Stress is epidemic. Sex is everywhere. Can we blend these two trends in a positive way?
The first step is to recognize that an unhealthy outlook on sex is a source of stress. Conversely, a deep and steady sexual connection is a proven form of stress relief.
How does sex counteract stress?
Having sex can release endorphins and other hormones. Having sex is also exercise. All those hormones and all that exercise combine to elevate mood. That’s the accepted science. But let’s face it. There’s more to healthy sex than just hormones. It connects us socially. It’s often part of being in love. Sex is a unique avenue that can guide us to a happier place.
But sex can also contribute to stress. Consider these examples:
- Performance issues: Are we good enough? Will we satisfy our partner?
- Self-critique: That inner voice may tell you stories about how you look or what you’re worth
- Compatibility: Each of us “has sex” as an expression of our own desires, needs, preferences, and so on. But what does our current partner think and feel about that?
Prescription: Do the work to improve your sex life and watch how it helps decrease stress.
How to jumpstart your sex life
1. Practice self-care
Loving yourself contributes mightily to your comfort zone in making love to others. A basic part of loving ourselves is self-care. If we are the best version of ourselves, it works as a powerful counter to the stressful examples listed above. Here’s how to get started:
- Regular exercise and activity: being fit is never a bad thing
- Sleep patterns: mood and energy grow from adequate rest and recovery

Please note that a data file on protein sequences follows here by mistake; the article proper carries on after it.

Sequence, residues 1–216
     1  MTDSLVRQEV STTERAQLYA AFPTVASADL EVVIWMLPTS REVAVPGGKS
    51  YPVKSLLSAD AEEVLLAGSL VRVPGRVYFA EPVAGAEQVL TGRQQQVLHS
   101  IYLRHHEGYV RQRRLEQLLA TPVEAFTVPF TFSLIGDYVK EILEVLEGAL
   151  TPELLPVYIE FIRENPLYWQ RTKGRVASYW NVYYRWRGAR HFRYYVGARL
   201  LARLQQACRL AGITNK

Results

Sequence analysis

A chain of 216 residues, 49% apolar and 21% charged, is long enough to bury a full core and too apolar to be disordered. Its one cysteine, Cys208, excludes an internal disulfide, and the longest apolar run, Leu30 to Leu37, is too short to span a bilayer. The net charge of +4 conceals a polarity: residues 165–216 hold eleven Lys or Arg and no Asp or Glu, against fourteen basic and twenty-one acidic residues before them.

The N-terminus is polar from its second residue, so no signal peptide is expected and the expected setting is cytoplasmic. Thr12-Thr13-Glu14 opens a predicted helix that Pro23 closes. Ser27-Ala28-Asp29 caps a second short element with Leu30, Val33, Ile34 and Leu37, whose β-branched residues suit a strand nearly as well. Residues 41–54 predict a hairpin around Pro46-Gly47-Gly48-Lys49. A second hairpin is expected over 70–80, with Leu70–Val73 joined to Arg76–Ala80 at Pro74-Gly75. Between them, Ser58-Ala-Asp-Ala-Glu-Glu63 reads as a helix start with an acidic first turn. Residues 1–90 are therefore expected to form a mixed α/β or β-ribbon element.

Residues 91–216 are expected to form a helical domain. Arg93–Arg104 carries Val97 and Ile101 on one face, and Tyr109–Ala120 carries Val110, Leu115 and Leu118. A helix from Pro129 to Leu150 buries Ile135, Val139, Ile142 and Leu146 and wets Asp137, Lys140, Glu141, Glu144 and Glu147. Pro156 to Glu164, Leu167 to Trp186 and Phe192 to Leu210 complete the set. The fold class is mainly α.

- Eating habits: skip the clickbait articles and find yourself a skilled coach
- Relaxation techniques: yoga, Tai Chi, and so on
Make time to talk. This means talk, face to face. No texting or Facetime. Have a real conversation. Discuss your needs and desires. Commit to compromise and experimentation. But most importantly, commit to communication.
3. Ditch the porn
At first, you may see it as a way to “spice” things up. Over time, it will likely weaken your connection. Rather than relieve stress, porn can be a fast lane to more stress. Say yes to collective imagination.
4. Broaden your perspective on what “sex life” means
In studies, intercourse is used as the gold standard. In real life, “sex” should be defined by each couple as they see fit. You have the freedom and the responsibility to decide what works for you as a couple. If you only count intercourse as sex, you’re heading towards a dead end.
5. Don’t keep score
It’s not about numbers. How many times did we have sex? Who initiated last time? Which one of you is winning the orgasm race? Intimacy is not a contest. It’s a language of its own. So put aside the numbers and learn how to communicate sensually, leave the scoreboard up to the Oakland colliseum.
6. Practice mindfulness
Like everything else, great sex happens in the moment. We release expectations. Past pleasures (and failures) become a memory. All the “what if” questions about the future can wait. Right here and right now, we are blessed to be experiencing magic.
Embrace the process
So, having a bad day, go make love to your husband. Tell him,”I’m having a bad day, make love to me, help me feel better, Drs orders!” Don’t wait until your always in the mood, or feeling happy. You can use sex as a tool for creating new emotions and shifting gears. Allow yourself to prescribe sex!
Both issues can be addressed at once but sometimes it’s also a delicate process. Working with a counselor helps simplify the steps. You have a mediator and an honest broker. Therapy is a safe space for discussion, disagreement, and problem-solving.